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As a ’60s band we endeavour to play period-correct instruments where possible.


Mathew predominantly plays Hofner 500/1 violin basses, made famous by Paul McCartney. Mathew has two variants of this iconic instrument; the “Cavern” model as used by McCartney during the Beatles’ Hamburg days and on their early records, and the ’63 model, which has been McCartney’s bass of choice for almost sixty years.

Hofner ’63 500/1 Bass
Hofner “Cavern” 500/1 Bass

Patrick and Mathew sometimes play a Squier Bass VI. Originally produced by Fender from 1961 to 1975 it is a sort of guitar/bass hybrid and was favoured by many session musicians of the era. Famous players include Beatles John Lennon and George Harrison, John Paul Jones of Led Zeppelin, Jack Bruce of Cream, and country star Glen Campbell who recorded one of his most enduring records, “Witchita Lineman”, on a VI.

Squier VI


Barry and Patrick (and sometimes Mathew) play a selection of period appropriate guitars.

Fender Stratocaster – a double cutaway guitar that has been continuously manufactured since 1954, the Strat is one of the most iconic electric guitar models of all time. Strats have been played by many great artists, such as Jimi Hendrix, Stevie Ray Vaughan, David Gilmour, Mark Knopfler, Bob Dylan, George Harrison, and Eric Clapton.

Fender ’60s Stratocaster in Sonic Blue
Fender “Rocky” Stratocaster

The Fender Jaguar is a short-scale (24″) offset-body electric guitar introduced in 1962 as Fender’s feature-laden top-of-the-line model, designed to lure players from Gibson, and achieved its most noticeable popularity in the surf music scene; notable players include Johnny Marr and Carl Wilson.

Fender Jaguar HH

Gibson SG – first introduced in 1961, the SG has gone on to become one of the world’s most iconic model, associated with many renowned guitarists such as Pete Townshend, George Harrison, Eric Clapton, Jimi Hendrix, Angus Young, Frank Zappa, and Tommy Iommi. Patrick plays a reissue of the very first SG model, branded as a “Les Paul” before Gibson later dropped the designation shortly afterwards, and fitted with Gibson’s unique “sideways” vibrola system.

Gibson SG

Gretsch G5410T – Gretsch guitars were played by many artists throughout the ’50s and ’60s, including Eddie Cochran, Pete Townshend, Neil Young, Chet Atkins, and George Harrison.

Gretsch G5410T

Epiphone Casino – originally created as a budget version of the more prestigious Gibson 330 semi-acoustic, the Casino was popularised in the mid-’60s by the Beatles. Paul McCartney, George Harrison, and John Lennon all used Casinos extensively in the studio and on tour during this period, and their endorsement led to the humble instrument outselling its Gibson counterpart.

Epiphone Casino

Fender Coronado – a double-cutaway thin-line hollow-body electric guitar, announced in 1965. The aesthetic design embodied in the Coronado was a departure from previous Fender instruments, and the design remains an uncharacteristic piece of Fender history.

Fender Coronado

Martin Dreadnought – originally developed in 1916, Martin guitars have been played by many artists including Johnny Cash, Elvis, Hank Williams and Willie Nelson.

Martin Dreadnought

Epiphone EJ-160E Electroacoustic – this model is a faithful reproduction of John Lennon’s iconic Gibson original. Lennon’s EJ-160E was a central pillar of The Beatles’ sound on records from Please Please Me to Sgt Pepper’s Lonely Hearts Club Band and beyond. The first ever use of guitar feedback on a record (the introduction to I Feel Fine, 1964) was the result of Lennon’s EJ-160E reverberating to a note played by Paul McCartney on his Hofner bass.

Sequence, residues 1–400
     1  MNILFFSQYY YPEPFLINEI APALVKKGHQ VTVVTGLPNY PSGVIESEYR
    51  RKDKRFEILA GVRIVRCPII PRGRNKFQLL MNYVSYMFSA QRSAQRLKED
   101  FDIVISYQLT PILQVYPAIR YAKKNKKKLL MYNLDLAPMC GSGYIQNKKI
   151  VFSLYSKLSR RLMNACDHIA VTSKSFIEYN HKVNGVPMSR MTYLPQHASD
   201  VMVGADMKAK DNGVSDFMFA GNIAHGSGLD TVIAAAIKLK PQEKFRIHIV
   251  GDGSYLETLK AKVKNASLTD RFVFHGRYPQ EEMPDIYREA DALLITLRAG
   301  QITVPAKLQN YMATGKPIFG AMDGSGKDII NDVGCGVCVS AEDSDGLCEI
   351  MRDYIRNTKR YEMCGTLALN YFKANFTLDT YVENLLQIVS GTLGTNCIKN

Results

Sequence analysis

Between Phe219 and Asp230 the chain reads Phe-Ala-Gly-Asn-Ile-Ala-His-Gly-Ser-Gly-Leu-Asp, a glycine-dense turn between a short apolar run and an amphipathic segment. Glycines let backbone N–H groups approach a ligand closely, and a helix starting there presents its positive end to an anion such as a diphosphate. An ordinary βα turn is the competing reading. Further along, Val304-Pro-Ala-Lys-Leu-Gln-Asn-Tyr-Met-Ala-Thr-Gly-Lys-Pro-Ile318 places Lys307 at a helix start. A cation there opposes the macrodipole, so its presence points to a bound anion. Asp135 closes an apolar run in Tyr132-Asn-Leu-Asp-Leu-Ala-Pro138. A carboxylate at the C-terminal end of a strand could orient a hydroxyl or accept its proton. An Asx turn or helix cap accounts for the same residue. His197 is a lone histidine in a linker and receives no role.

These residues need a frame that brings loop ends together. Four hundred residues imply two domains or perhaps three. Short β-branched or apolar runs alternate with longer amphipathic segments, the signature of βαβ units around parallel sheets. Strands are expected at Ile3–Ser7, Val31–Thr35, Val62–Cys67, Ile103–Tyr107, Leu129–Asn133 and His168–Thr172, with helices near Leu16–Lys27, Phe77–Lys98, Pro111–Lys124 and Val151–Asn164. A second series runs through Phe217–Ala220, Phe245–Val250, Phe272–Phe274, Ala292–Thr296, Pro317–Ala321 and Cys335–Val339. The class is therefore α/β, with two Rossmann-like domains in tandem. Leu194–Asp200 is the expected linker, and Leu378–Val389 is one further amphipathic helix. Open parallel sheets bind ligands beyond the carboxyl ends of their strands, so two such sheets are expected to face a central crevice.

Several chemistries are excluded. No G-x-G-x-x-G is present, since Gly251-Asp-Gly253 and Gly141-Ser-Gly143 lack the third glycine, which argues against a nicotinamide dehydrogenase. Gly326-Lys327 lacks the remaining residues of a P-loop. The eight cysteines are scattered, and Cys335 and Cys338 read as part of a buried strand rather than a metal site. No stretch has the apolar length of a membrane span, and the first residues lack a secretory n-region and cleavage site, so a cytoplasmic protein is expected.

Epiphone EJ-160E Electroacoustic


Barry plays Hohner Marine Band harmonicas, the top-selling harmonica of all time; they were commonly used during the British Blues Boom in the ’60s, and have been played by artists such as John Lennon, Paul Butterfield, Little Walter, Bob Dylan, Neil Young, Sonny Terry and more. Barry also plays Seydel 1847 harmonicas.


Mark plays a limited edition 2020 Vox Telstar drum kit. This rare, glistening beast comes with an unusual elliptically shaped bass drum, and is coated in a silver crocodile-skin wrap, so you can only play it wearing dark glasses. The design is based upon an earlier vintage kit known as the ‘Speedfire’, manufactured by Trixon in the late ‘60s. The best thing about the Telstar is that it looks like it has just melted, probably out of sheer ecstasy. It sounds great and is terrifically boomy. Mark uses Istanbul cymbals and Remo drum heads, and an old cowbell he found in a car-boot sale in Crawley.

Vox Telstar


The Hurdy Gurdies use Vox guitar and bass amplifiers, which are famous for their chimey “British” sound. Vox released the AC15 in 1958, and the AC30 in 1959; their amplifiers helped to produce the sound of the British Invasion, being used by The Beatles, The Rolling Stones, The Kinks, and The Yardbirds, among others.

Vox AC15

Why Hurdy Gurdies?

Hurdy Gurdy Man” is a 1968 song by the Scottish singer-songwriter Donovan. Donovan wrote “Hurdy Gurdy Man” while in Rishikesh in India, where he was studying Transcendental Meditation with the Beatles. It also features an Indian influence with the use of a tambura, a gift to Donovan from George Harrison, who also helped write the lyrics.

The hurdy-gurdy is a mechanical string instrument that produces sound by a hand-crank-turned, rosined wheel rubbing against the strings. The wheel functions much like a violin bow, and single notes played on the instrument sound similar to those of a violin. Melodies are played on a keyboard that presses tangents—small wedges, typically made of wood—against one or more of the strings to change their pitch.

The Hurdy Gurdies


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